The eternal search for ever-lasting life

3 July 2013

Posted by: UAR news team

Category: Research & medical benefits

pottery.jpgWhen Eos asked Zeus, father of the Greek Gods, to make her lover Tithonus immortal, she forgot to ask for eternal youth. Tithonus indeed lived forever, but as a shell of a man who could barely move nor speak.

Research into ageing has undergone a revolution in the past 15 years, with the discovery that mutations in single genes can increase lifespan in laboratory animals and that some chemicals can mimic this effect. Rather than leaving these animals to the same fate as Tithonus however, these genetic differences often keep the animals in a state of youthful health and vigour for longer, and in mice they give freedom from disease as the animals age. When you think about animal research it tends to be experiments to cure disease – testing medicines or battling tumours. But studying animals can also tell us a lot about what it means to be naturally healthy long into ripe old age. From monkeys to worms, animals are revealing the secrets of immortality that could one day produce a pill that allows us to have longer, healthier and more productive lives.

In 2001 the first mutant genes to extend life were discovered in the nematode wormCaenorhabditis elegans. Further work found that this wasn’t limited to worms; related genes in fruit flies and mice were shown to also extend lifespan. These experiments in Linda Partridge’s lab at University College London showed something quite remarkable – that just a couple of genes involved in nutrient sensing could affect a huge range of biological processes in the body that would otherwise cause disease and shorten life, and that this is true across the animal kingdom. This link to nutrients has been a long-standing theme in the science of ageing. The observation that limited calorie diets extend the life of mice and rats by more than 25% was first published in 1935. Later research found a similar phenomenon occurs in yeast, fruit flies, rats, and monkeys. The restriction to a person’s diet required to see these effects however is too extreme for this to catch on as a popular way to extend our own lives.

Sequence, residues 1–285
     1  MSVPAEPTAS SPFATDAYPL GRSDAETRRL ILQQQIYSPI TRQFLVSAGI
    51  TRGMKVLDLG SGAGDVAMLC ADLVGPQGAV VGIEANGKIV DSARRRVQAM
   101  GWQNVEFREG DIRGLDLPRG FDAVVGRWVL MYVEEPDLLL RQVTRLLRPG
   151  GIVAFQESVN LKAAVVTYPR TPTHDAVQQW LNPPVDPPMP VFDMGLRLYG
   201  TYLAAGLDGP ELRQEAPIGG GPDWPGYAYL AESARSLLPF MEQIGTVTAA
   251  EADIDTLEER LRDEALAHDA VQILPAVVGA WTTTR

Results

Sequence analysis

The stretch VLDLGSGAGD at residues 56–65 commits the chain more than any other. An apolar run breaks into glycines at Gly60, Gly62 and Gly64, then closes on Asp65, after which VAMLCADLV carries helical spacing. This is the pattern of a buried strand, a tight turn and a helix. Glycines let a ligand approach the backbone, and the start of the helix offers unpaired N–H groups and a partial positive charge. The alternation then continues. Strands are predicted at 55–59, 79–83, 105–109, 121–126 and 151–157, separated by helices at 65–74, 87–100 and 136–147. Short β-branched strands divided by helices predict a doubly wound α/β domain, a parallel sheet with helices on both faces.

So many researchers have turned to pharmacology for the answer. Rapamycin, a licensed immunosuppressant drug used in organ transplants, has been shown to extend lifespan in mice and new research published this month suggests that certain antibiotics may also prolong a healthy life for worms and possibly mice. In this recent study scientists used the “BXD family” of mice, which shows huge variability in lifespan, with individuals living from 365 to 900 days. The family has been studied for over 40 years to give researchers a unique database of complete genetic sequences and gene activity data linked with details about the animal’s lives.

Johan Auwerx from the Swiss École Polytechnique Fédérale De Lausanne used this resource to investigate the activity of genes in these mice. He found that that a 50% reduction in the activity of just three genes found on Chromosome 2 increased mouse lifespan by about 250 days. Turning to nematode worms to investigate the role of these genes further, his team found antibiotics that shut down the genes also extended life, improved muscle fitness and appeared to give the worms more energy as they wiggled more – just what you would want in old age!

Experts in the field stress that we are 10 to 20 years away from life-extending drugs being available, if they are ever developed at all. They would likely need to be taken continuously from a fairly early age, increasing risks of side-effects; and testing their safety over a person’s lifetime would pose serious problems for regulators. But however it is achieved, with people living longer but not necessarily maintaining their good-health for longer, and suffering from diseases of old age such as heart failure, dementia and cancer – finding ways to live healthier and more productive lives is one of the most pressing issues of the day.